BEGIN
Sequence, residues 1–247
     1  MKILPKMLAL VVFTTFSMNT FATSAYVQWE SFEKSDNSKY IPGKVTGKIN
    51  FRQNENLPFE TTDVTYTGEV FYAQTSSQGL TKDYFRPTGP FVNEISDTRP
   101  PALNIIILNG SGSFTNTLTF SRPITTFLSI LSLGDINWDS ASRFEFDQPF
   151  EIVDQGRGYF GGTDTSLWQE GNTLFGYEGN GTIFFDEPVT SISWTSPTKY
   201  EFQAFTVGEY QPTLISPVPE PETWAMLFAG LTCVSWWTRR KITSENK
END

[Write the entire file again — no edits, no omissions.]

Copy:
Sequence, residues 1–247
     1  MKILPKMLAL VVFTTFSMNT FATSAYVQWE SFEKSDNSKY IPGKVTGKIN
    51  FRQNENLPFE TTDVTYTGEV FYAQTSSQGL TKDYFRPTGP FVNEISDTRP
   101  PALNIIILNG SGSFTNTLTF SRPITTFLSI LSLGDINWDS ASRFEFDQPF
   151  EIVDQGRGYF GGTDTSLWQE GNTLFGYEGN GTIFFDEPVT SISWTSPTKY
   201  EFQAFTVGEY QPTLISPVPE PETWAMLFAG LTCVSWWTRR KITSENK